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New York Court Expert Qualifications in Medical Malpractice Cases

Medical malpractice cases often hinge on the qualifications of expert witnesses and the interpretation of applicable standards of care. As such, the disqualification of a party’s expert witness can be devastating to their case. Recently, a New York court discussed expert qualifications in a medical malpractice case in which it ultimately determined that the plaintiffs’ expert was qualified to opine on the issue of whether the defendants violated the relevant standard of care. If you were hurt due to a negligently performed procedure, it is prudent to speak to a Syracuse medical malpractice attorney regarding your possible claims.

Factual and Procedural History

It is alleged that the plaintiffs, a husband and wife, filed a lawsuit against the defendants, alleging that an improperly performed blood draw at the defendants’ laboratory facility caused the plaintiff-wife to suffer severe and permanent. The complaint sounded in failure to obtain informed consent, medical malpractice, and loss of consortium. The defendants moved to strike the plaintiff’s expert, an anesthesiologist, from testifying on the grounds that he was not qualified as an expert witness on the issue of the standard of care for the blood draw procedure.

Demonstrating an Expert Is Qualified to Testify in Medical Malpractice Cases

In this case, the admissibility of expert testimony is governed by Federal Rule of Evidence 702, which requires that an expert possess knowledge, skill, experience, training, or education relevant to the case. Rule 702 serves as a gatekeeper to ensure that expert testimony is both reliable and pertinent to the matter at hand.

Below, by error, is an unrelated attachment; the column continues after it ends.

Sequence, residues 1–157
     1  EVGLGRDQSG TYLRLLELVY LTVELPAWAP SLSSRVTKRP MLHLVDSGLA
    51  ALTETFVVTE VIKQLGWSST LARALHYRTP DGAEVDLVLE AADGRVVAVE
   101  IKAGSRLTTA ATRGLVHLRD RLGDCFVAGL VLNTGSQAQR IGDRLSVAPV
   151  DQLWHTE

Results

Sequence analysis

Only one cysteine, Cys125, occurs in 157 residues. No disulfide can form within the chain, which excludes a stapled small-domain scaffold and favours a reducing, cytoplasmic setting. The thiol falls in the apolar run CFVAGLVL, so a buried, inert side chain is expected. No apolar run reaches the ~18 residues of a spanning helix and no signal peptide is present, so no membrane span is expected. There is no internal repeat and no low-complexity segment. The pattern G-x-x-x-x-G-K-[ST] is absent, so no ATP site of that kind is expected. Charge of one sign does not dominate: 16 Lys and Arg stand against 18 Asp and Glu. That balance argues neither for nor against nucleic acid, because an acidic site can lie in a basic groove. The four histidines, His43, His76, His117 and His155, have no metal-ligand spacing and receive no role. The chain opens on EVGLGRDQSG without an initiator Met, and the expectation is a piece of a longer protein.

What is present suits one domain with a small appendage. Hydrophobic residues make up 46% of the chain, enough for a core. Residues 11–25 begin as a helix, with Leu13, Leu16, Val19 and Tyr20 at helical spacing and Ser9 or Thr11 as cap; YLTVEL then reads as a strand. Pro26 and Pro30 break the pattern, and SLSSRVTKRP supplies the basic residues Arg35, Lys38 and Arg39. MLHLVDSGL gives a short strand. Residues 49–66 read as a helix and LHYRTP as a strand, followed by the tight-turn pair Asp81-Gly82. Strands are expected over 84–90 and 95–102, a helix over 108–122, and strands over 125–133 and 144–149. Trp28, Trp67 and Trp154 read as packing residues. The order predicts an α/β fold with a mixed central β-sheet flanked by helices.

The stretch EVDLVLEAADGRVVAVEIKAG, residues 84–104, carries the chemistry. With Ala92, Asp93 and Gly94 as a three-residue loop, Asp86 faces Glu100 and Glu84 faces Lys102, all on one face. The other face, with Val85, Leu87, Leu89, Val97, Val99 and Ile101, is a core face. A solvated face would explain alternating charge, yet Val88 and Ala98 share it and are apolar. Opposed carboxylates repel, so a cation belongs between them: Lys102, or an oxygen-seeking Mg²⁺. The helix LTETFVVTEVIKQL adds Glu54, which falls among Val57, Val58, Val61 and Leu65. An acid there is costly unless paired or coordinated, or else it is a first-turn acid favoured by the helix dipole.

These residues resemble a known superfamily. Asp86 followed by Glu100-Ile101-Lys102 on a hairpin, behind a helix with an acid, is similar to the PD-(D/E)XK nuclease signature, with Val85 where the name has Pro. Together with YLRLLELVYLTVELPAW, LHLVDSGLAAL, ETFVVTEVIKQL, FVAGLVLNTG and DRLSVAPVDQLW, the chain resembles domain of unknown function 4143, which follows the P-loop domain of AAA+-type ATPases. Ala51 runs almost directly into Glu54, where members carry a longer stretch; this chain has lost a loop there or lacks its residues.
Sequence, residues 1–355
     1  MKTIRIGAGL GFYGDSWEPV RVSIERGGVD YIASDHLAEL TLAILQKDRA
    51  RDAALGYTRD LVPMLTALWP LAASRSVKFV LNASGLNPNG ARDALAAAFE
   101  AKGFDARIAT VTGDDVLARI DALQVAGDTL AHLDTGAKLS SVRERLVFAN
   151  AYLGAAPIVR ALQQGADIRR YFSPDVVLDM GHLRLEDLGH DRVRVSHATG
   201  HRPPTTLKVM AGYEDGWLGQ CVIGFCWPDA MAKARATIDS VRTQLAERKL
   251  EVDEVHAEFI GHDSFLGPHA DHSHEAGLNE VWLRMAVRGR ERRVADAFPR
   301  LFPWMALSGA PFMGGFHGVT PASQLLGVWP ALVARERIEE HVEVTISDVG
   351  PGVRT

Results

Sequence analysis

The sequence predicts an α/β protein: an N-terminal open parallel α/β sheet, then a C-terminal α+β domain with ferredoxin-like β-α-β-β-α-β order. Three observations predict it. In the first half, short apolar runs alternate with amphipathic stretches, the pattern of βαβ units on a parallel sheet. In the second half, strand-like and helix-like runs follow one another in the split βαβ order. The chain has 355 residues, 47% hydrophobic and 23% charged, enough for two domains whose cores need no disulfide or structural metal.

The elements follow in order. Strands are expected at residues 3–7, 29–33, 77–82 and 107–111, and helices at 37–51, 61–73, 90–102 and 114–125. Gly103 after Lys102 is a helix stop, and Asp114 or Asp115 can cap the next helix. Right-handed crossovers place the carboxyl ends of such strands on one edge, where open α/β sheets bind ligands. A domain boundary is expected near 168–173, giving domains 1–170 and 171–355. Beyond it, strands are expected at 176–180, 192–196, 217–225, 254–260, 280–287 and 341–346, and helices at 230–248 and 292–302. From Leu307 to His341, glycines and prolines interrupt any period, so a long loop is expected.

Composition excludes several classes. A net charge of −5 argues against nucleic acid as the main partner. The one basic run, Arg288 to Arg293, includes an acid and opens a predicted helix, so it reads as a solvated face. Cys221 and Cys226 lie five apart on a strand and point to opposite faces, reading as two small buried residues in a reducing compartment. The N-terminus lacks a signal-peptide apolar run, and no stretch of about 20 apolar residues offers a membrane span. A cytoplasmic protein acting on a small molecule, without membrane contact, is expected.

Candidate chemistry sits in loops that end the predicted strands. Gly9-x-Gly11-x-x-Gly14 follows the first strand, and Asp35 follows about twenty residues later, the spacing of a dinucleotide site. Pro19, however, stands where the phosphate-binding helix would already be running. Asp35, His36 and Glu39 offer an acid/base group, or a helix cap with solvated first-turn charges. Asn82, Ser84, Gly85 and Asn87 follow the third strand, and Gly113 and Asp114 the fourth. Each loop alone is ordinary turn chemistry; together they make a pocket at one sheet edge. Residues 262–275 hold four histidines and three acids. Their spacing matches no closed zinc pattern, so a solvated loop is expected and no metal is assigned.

The burden of proving compliance with Rule 702 rests on the party presenting the expert testimony. The qualification of a witness as an expert is a pivotal question that must be addressed before assessing the admissibility of their opinions. The distinction between expert and lay witnesses lies in the ability of experts to provide opinions not solely grounded in their own perceptions.

Courts within the Second Circuit tend to interpret expert qualification requirements liberally when determining whether a witness can be considered an expert. Assertions about a witness lacking specific educational or experiential background usually impact the weight, not the admissibility, of their testimony.

In this case, the debate centered on whether the plaintiffs’ expert was qualified to provide insights on phlebotomy, particularly his ability to compare starting IVs to performing blood draws. Despite comparisons to another expert witness’s qualifications, the court found that the plaintiffs’ expert’s education, experience as an anesthesiologist, and familiarity with starting IVs demonstrated he had the necessary expertise to testify about these matters. In light of these considerations, the defendants’ motion to strike the plaintiffs’ expert from testifying was denied.

Consult a Trusted Syracuse Medical Malpractice Attorney

Expert testimony is critical in medical malpractice cases, but only those individuals with the knowledge and experience needed to opine on relevant issues are qualified to testify as experts. If you were harmed due to the negligence of a healthcare provider, you may be owed damages, and you should consult an attorney as soon as possible. The trusted Syracuse medical malpractice attorneys of DeFrancisco & Falgiatano Personal Injury Lawyers are proficient at helping parties injured by incompetent healthcare providers seek justice for their losses, and if you hire us, we will work tirelessly on your behalf. You can reach us through our form online or by calling us at 833-247-8427 to set up a meeting.

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